In Summary
  • he relationships were observed in men who had been exposed to 15 to 30 years of work-related stress and, in some cases, more than 30 years.
  • A link between work-related stress and cancer was not found in participants who had held stressful jobs for less than 15 years.
  • The most stressful jobs included those of a firefighter, industrial engineer, aerospace engineer, mechanical foreman and vehicle and railway equipment repair worker.

FOR MEN, PROLONGED exposure to work-related stress has been linked to an increased likelihood of lung, colon, rectal and stomach cancers and non-Hodgkin lymphoma, Institut national de la recherche scientifique (INRS), a branch of Université du Québec in Canada, wrote on its website on Monday.

These are findings by researchers at INRS and Université de Montréal in the country who had conducted a study to assess the link between cancer and work-related stress perceived by men throughout their working life.

On average, the study’s participants had held four jobs.

Significant links to five of a total of 11 cancers considered in the research were found. The relationships were observed in men who had been exposed to 15 to 30 years of work-related stress and, in some cases, more than 30 years. A link between work-related stress and cancer was not found in participants who had held stressful jobs for less than 15 years.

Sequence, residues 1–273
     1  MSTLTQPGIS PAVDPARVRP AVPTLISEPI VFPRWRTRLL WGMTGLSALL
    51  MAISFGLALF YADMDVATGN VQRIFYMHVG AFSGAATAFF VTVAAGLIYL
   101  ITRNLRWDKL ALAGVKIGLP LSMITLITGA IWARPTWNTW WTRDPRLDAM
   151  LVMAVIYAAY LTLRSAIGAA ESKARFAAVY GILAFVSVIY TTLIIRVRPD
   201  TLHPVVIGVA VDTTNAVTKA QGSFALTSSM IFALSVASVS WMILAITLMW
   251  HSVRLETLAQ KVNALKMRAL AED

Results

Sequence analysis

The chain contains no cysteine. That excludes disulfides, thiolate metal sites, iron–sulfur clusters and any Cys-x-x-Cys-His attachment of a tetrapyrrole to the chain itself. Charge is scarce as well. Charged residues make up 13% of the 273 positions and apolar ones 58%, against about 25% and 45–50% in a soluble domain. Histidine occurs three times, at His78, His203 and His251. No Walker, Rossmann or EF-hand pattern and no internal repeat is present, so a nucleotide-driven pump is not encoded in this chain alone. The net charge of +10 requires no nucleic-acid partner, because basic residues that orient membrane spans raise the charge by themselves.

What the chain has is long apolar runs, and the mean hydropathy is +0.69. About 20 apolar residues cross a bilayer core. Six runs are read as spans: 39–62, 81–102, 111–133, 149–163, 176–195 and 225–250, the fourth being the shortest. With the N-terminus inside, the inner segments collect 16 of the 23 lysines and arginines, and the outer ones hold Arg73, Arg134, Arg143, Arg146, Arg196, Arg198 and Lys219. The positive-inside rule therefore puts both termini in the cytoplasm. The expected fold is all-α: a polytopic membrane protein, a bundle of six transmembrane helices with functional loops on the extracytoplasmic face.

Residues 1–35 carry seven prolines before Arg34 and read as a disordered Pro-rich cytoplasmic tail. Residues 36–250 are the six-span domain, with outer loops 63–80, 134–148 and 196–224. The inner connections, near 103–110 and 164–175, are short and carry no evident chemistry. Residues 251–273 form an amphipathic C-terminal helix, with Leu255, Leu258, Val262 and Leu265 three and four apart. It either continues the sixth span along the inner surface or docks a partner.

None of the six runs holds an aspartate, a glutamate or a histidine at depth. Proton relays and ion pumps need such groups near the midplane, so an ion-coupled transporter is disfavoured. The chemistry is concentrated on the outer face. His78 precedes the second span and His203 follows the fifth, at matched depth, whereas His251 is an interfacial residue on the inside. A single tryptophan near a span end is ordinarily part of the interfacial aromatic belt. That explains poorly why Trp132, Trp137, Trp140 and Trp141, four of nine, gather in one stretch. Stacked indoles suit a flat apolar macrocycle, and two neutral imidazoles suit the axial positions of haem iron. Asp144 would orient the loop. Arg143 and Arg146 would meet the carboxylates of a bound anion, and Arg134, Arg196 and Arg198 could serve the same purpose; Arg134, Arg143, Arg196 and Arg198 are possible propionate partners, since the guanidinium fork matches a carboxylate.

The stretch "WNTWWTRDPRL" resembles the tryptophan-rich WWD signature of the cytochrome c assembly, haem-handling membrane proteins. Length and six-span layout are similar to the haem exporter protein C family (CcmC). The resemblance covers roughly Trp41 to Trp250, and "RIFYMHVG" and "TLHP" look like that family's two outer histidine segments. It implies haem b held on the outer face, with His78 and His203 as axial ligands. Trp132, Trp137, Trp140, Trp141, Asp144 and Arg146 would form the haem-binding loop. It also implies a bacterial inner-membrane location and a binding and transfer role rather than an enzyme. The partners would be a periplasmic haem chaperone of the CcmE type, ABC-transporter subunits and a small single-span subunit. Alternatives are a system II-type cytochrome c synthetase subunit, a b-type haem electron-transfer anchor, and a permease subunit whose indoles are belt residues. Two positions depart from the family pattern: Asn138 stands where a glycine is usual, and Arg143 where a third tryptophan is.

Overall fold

The most stressful jobs included those of a firefighter, industrial engineer, aerospace engineer, mechanical foreman and vehicle and railway equipment repair worker. For the same individual, stress varied depending on the job held. Researchers were able to document changes in perceived work-related stress.

The research also shows that perceived stress is not limited to high workload and time constraints. Customer service, sales commissions, responsibilities, a participant’s anxious temperament, job insecurity, financial problems, challenging or dangerous work conditions, employee supervision, interpersonal conflict and difficult commute were all sources of stress listed by the participants.

“Our study shows the importance of measuring stress at different points in an individual’s working life,” the authors of the report, titled “Lifetime report of perceived stress at work and cancer among men: A case-control study in Montreal, Canada”, say. 

The study is in the journal Preventive Medicine.